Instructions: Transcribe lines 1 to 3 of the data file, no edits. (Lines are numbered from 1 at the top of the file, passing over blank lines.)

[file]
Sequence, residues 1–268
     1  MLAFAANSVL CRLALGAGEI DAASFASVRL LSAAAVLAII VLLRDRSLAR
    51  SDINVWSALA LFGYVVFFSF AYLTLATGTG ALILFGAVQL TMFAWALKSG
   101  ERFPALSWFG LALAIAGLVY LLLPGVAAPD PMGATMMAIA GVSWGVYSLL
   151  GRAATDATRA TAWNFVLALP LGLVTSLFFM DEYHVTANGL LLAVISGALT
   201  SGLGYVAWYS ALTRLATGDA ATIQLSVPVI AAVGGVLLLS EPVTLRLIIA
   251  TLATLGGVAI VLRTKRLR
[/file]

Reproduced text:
Sequence, residues 1–268
     1  MLAFAANSVL CRLALGAGEI DAASFASVRL LSAAAVLAII VLLRDRSLAR
    51  SDINVWSALA LFGYVVFFSF AYLTLATGTG ALILFGAVQL TMFAWALKSG